3M fined $15,000 for pollution at quarry

State DEP imposes penalty; talks continue on containment plan.

By: Jill Matthews
   MONTGOMERY — The 3M Company has been fined $15,000 by the state Department of Environmental Protection for violating the New Jersey Water Pollutant Control Act and New Jersey Pollutant Discharge Elimination System regulations.
   3M was found to be in violation of the total suspended solids discharge limitation set forth in DEP permits and was also found to be discharging pollutants to waters without a valid permit.
   A site investigation performed at the company in late October found total suspended solids discharge at 680 milligrams per liter, towering above the permit limit of 50 milligrams per liter and the company’s reported results of 0.5 milligrams per liter.
   Pollutants were discharged to nearby water basins without a valid permit and the levels of pollutant concentrations were found to be inconsistent with control basins.
   "Honestly, we are doing everything we can to be good corporate citizens and hopefully go above and beyond the rules and regulations," said Keith Jacobs, newly appointed Belle Mead plant manager for 3M. He added that the company is fully cooperating with DEP officials and is working diligently to resolve the matter.
   The DEP confirmed that 3M is working to correct its problems. The company is planning a major construction for settling basins to manage storm water runoff, has received DEP approval and is in discussions to include a schedule, according to DEP spokesman Peter Boger.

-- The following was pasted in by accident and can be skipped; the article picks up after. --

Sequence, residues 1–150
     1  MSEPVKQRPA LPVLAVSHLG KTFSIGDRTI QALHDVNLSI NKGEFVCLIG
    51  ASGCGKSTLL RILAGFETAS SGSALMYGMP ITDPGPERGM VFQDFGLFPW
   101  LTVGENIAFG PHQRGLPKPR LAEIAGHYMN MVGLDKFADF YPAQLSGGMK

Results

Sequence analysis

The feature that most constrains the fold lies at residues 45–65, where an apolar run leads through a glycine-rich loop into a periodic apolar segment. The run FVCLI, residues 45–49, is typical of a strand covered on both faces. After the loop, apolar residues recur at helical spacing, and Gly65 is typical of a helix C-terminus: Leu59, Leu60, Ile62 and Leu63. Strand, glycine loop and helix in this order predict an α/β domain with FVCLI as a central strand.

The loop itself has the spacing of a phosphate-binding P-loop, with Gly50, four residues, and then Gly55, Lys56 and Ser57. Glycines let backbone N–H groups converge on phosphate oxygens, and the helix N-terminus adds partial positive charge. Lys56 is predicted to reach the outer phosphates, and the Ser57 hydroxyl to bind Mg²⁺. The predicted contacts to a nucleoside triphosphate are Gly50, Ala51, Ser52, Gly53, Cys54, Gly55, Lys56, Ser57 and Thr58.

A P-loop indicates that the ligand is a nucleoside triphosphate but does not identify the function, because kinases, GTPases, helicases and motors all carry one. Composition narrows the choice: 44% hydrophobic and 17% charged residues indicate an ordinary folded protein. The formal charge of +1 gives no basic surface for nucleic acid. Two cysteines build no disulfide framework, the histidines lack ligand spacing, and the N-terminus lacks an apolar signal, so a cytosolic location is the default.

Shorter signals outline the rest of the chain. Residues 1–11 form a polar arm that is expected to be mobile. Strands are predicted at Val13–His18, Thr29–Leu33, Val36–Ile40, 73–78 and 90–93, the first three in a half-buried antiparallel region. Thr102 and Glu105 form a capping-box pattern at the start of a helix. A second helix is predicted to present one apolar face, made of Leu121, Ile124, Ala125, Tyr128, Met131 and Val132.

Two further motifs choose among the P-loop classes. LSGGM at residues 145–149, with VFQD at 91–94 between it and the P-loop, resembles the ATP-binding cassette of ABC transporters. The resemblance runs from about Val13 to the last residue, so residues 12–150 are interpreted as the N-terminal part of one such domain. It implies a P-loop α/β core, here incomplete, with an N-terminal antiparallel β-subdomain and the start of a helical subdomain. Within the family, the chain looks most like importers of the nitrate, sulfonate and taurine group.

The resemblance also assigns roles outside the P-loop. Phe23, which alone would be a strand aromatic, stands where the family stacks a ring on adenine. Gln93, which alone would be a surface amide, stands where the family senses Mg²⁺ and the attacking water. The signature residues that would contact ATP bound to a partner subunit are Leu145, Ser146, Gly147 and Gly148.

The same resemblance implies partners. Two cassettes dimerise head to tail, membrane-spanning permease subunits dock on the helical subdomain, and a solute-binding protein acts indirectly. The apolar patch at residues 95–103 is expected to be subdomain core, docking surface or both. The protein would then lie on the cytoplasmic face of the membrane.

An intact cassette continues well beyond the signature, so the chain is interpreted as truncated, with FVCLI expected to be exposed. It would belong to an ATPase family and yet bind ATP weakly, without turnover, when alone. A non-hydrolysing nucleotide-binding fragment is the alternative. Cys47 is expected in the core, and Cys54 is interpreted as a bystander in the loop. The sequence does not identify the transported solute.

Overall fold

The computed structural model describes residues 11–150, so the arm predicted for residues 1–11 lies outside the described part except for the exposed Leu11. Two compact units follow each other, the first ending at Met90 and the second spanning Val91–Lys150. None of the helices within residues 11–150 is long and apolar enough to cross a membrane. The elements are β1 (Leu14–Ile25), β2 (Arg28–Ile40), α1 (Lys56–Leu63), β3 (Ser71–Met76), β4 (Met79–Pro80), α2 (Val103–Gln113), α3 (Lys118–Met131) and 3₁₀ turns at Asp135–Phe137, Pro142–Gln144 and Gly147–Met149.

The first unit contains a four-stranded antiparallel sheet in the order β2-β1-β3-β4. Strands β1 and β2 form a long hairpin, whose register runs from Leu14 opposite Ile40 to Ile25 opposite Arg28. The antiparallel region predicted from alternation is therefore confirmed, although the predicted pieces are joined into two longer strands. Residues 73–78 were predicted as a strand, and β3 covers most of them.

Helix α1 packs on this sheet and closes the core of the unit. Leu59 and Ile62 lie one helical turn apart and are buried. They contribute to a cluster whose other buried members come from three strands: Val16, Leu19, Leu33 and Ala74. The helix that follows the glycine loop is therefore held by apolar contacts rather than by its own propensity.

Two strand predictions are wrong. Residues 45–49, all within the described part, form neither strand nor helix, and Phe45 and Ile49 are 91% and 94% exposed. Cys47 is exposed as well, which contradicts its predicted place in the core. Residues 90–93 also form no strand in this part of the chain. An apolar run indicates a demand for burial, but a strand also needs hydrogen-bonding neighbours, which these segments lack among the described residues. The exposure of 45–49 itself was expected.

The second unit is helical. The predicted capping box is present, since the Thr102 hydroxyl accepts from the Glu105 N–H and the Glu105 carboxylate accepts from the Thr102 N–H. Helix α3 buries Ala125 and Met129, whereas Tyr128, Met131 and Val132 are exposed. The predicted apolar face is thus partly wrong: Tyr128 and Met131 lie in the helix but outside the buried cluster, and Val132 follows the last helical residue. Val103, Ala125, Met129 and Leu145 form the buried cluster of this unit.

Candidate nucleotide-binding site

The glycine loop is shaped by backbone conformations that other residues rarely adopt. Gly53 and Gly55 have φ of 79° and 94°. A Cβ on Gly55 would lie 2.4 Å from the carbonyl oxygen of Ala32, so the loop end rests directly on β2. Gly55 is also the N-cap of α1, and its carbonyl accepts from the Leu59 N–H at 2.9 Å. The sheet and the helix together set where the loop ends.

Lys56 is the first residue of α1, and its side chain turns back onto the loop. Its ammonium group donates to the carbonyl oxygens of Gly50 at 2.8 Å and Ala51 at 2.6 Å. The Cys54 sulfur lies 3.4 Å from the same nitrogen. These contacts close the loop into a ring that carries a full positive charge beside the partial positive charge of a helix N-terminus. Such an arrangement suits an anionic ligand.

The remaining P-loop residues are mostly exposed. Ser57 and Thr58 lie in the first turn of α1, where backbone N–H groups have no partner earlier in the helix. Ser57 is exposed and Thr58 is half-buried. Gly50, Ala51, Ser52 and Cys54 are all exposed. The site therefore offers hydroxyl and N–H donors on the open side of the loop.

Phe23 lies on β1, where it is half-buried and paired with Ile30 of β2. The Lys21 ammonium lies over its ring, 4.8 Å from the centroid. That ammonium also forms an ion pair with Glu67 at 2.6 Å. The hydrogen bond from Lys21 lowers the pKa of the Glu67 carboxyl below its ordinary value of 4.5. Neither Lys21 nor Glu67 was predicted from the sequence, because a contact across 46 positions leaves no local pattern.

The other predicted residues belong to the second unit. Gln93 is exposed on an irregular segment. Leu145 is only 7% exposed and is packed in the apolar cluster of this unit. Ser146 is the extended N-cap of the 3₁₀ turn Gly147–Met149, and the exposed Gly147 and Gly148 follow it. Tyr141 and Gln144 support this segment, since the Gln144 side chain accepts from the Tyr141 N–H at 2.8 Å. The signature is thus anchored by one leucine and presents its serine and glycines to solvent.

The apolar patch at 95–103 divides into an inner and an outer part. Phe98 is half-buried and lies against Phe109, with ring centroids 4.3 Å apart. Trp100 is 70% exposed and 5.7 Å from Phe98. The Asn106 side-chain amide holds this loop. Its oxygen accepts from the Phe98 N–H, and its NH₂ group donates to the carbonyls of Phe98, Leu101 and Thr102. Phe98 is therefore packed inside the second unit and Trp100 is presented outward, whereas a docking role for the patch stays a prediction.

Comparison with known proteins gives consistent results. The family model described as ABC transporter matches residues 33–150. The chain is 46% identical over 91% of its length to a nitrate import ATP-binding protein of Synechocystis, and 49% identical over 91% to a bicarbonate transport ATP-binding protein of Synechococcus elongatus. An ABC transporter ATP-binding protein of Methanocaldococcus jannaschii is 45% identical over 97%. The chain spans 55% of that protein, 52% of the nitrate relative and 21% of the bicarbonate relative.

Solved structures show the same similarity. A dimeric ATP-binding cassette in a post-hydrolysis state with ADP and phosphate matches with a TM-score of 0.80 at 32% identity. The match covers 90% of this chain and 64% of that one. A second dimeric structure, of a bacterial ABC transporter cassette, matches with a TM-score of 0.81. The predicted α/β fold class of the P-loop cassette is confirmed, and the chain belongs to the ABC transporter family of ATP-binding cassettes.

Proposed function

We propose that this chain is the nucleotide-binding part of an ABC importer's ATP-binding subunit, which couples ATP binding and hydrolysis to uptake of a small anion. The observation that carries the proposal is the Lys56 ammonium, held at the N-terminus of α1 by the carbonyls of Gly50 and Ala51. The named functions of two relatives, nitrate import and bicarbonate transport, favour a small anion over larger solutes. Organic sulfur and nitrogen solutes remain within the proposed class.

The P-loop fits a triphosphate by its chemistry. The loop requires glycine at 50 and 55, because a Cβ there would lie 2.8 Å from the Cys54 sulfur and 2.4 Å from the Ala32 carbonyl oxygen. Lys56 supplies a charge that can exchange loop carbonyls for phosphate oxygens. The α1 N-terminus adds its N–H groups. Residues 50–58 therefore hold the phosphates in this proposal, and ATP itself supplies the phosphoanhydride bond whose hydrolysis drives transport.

"We understand there is an outstanding penalty for 3M in addition to the previous ones that have already been documented," said Mr. Boger, adding that the DEP has been vigilant in documenting 3M violations.
   3M and Montgomery Township have had a rocky relationship over the past decade and are working to resolve concerns the community has expressed about the company’s environmental practices.
   At Wednesday night’s Environmental Commission meeting, the commission informally rejected a proposed site plan for monitoring locations and instead decided to draw up a counterproposal.
   In the plan, 3M offered to set up four macroinvertebrate test sites on its property. The company would not agree to monitoring sites outside of its property boundaries, said Don Johnson, township engineer.
   The proposed monitoring sites on 3M property include two control test sites, only one of which would actually be used. But members of the Environmental Commission and representatives from the Stony Brook-Millstone Watershed Association were concerned that the proposed monitoring sites were not sufficient.
   "If I had to give up one, I’d give up the control," said Christine Altomari, a representative from the watershed association. She also said the sampling locations proposed by 3M fail to monitor the mineral fines and instead suggested a site located on Back Brook.
   The company and the township are also working out a final revised resolution to clean up a 40-acre mineral fines pile that is 80 feet high. The company agreed to construct a geomembrane layer, two layers of compacted materials and then a final 6-inch layer of topsoil, to help stop airborne and waterborne particulate matter from making its way to surrounding properties, according to Mr. Johnson. The company and township are also considering a plan that would break down the mineral fine piles into 5-acre segments, making it easier to control the particulate matter.